Why mangroves matter to the Cayman Islands?
As a relaxing reprieve between in-water activities, or a digestive cruise after lunch out on the water with Crazy Crab, we like to show off our mangroves – not ‘mangoes’ – the collection of saltwater trees that grow here in the tropics. You are likely to see grazing egrets and herons, as well as juvenile fish and other marine fauna in this peaceful setting. Shutting off the engine and drifting along in the serenity of the mangroves allows a glimpse of what the Cayman Islands looked like before being built up in the 1900’s.
We are not the only ones that appreciate the peacefulness. Martin Luther King Jr., one of the leaders of the United States’ civil rights movement, used to escape to Bimini – a small island between Florida’s coast and the Bahamas. There in the mangroves, King Jr. would think, process, and pray, and its where he wrote his famous speech, “I Have a Dream”.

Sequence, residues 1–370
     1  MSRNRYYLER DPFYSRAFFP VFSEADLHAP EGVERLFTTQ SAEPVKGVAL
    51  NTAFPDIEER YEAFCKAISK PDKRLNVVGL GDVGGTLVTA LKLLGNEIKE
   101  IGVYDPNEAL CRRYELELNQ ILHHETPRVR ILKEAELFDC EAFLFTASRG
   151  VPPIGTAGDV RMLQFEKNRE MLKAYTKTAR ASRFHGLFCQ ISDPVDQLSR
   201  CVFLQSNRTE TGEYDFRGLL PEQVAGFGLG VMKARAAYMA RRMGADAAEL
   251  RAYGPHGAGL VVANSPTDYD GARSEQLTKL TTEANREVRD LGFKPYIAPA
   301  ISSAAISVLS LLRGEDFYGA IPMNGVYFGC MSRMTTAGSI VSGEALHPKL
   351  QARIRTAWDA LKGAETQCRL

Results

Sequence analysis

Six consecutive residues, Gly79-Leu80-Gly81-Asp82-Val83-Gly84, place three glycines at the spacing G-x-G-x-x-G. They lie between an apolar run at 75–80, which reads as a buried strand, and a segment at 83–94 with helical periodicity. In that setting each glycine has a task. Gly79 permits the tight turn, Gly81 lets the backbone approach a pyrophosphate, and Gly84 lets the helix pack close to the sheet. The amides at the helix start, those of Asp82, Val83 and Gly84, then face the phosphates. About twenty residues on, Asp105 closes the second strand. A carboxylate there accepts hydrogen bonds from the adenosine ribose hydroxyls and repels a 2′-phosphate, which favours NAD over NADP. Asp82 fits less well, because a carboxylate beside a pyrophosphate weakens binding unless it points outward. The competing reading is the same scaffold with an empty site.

However, the mangroves play a crucial role beyond their beauty.
Mangroves protect the Cayman Islands and its nature
Being in the tropics, we have a season for hurricanes. Studies show that 100m deep of mangrove forest (mangal) can reduce wave height during a hurricane up to sixty-six percent. As a result, it is illegal to remove mangroves in Cayman without the appropriate permit. The more coastal mangal that is present, the better!
Also, beneath the surface, inside the interwoven roots of the mangroves is a bustling community of juvenile fish. Eighty percent of the fish you will see on our reefs start their lives in the mangroves, and research indicates that there may be twenty-five times more fish on a reef if there is a well-established mangrove community nearby.
Make sure you ask your captains to take you through the mangroves with our Mangrove Discovery Experience to peek into Cayman’s past and explore their importance in our present for yourself!